While carrying out their jobs, humanoids and legged robots should be able to go where humans go and endure large changes in the environment. The ideal locomotion controller for a legged robot must produce behaviors which are robust to unforeseen disturbances in ground height, slope, and ground friction. Engineering such a controller by hand requires an intensive-process of hand-tuning gains, refining robot models used for motion planning, and explicitly handling disturbances such as early or late contact, among other edge cases.
Reinforcement learning presents an alternative to this paradigm: instead of describing an explicit solution for a problem, it may be easier to describe the problem and learn the solution. Describing the problem of legged locomotion, however, is not an easy task. A common approach is using precise reference trajectories, which are effective at guiding learning, but only describe a small space of behaviors. At the other extreme, simply defining the problem as needing to move in some direction is too generic and leads to sub-optimal controllers. From the perspective of an end-user, the ideal control system for a legged robot can be commanded with both these abstract tasks and the specific ones. The control hierarchy takes care of the details and uses learning to find the most optimal control policies at each level in the hierarchy.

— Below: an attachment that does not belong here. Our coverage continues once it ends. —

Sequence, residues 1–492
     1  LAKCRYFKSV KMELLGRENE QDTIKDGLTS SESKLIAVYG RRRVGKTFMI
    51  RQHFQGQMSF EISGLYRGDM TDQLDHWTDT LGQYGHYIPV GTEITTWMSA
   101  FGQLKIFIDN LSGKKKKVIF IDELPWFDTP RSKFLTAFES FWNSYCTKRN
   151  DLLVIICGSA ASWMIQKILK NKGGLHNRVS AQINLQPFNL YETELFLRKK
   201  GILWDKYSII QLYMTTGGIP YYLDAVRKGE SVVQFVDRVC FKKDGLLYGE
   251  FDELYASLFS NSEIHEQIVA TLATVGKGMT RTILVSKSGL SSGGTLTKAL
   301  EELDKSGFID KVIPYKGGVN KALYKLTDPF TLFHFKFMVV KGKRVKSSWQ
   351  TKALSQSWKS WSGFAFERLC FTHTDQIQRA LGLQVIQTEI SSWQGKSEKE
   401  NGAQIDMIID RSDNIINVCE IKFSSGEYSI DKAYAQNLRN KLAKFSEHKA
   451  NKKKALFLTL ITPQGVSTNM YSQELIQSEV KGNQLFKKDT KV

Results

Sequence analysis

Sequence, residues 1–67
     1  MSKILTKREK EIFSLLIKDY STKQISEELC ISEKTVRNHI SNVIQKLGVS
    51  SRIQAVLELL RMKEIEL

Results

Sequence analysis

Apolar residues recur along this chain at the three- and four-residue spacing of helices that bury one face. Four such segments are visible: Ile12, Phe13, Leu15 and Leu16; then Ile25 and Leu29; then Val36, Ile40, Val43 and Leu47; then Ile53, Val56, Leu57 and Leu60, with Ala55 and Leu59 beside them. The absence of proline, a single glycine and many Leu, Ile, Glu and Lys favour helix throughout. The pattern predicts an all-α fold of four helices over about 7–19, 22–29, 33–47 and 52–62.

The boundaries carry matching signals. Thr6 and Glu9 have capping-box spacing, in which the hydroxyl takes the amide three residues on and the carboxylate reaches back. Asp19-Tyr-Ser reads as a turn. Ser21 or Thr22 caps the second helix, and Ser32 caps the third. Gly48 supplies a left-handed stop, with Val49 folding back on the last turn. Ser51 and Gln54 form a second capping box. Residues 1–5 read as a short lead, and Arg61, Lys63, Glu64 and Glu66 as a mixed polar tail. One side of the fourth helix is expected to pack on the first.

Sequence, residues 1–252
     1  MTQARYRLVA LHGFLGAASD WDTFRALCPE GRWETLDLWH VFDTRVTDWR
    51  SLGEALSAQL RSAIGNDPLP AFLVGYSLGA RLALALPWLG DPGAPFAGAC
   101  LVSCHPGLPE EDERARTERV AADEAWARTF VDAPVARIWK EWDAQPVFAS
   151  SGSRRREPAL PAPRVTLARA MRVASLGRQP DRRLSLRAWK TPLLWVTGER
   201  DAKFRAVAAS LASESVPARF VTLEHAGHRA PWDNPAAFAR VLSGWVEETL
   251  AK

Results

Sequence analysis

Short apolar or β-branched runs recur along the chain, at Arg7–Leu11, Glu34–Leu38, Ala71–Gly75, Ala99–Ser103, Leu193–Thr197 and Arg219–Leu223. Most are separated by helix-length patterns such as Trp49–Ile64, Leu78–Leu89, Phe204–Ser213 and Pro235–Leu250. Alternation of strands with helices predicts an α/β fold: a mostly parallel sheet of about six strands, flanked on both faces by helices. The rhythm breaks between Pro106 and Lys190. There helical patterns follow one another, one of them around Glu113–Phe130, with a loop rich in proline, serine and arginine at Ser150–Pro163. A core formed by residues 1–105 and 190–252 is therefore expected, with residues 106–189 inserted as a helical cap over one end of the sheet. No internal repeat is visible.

In this project, we look at the progression of research on this ideal control hierarchy for the blind (no perception) bipedal robot Cassie, starting with the integration of a model-based planner with a deep reinforcement learning locomotion controller. Next, we replace the planner with a principled framework for commanding and computing cost functions for all bipedal gaits. Using this approach as a solid foundation for low-level locomotion skills, we explore how wrapping the locomotion controller with another reinforcement learning process can be used to find optimal control hierarchies for generic tasks like moving to a waypoint, stepping in a particular sequence, or reaching a goal state. This method of wrapping learning processes with increasingly more abstract objectives is modular, and we repeat the process again to demonstrate a control hierarchy for parsing the commands of an action grammar.
The methods used in this project for both low-level locomotion and higher-level skills are extremely promising for producing the intelligent and versatile robot control systems of the future.